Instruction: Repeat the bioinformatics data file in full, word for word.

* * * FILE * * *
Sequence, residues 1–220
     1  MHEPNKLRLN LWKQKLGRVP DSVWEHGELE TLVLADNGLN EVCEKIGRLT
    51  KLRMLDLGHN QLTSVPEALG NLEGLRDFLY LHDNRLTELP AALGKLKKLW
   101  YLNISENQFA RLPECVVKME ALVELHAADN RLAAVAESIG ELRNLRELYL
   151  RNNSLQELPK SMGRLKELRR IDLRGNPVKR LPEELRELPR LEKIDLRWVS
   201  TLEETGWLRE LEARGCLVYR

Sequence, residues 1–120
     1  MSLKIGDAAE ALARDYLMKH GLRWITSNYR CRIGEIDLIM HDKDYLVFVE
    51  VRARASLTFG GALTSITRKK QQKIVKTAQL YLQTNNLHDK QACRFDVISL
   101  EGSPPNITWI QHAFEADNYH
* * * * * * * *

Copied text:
Sequence, residues 1–220
     1  MHEPNKLRLN LWKQKLGRVP DSVWEHGELE TLVLADNGLN EVCEKIGRLT
    51  KLRMLDLGHN QLTSVPEALG NLEGLRDFLY LHDNRLTELP AALGKLKKLW
   101  YLNISENQFA RLPECVVKME ALVELHAADN RLAAVAESIG ELRNLRELYL
   151  RNNSLQELPK SMGRLKELRR IDLRGNPVKR LPEELRELPR LEKIDLRWVS
   201  TLEETGWLRE LEARGCLVYR

Sequence, residues 1–120
     1  MSLKIGDAAE ALARDYLMKH GLRWITSNYR CRIGEIDLIM HDKDYLVFVE
    51  VRARASLTFG GALTSITRKK QQKIVKTAQL YLQTNNLHDK QACRFDVISL
   101  EGSPPNITWI QHAFEADNYH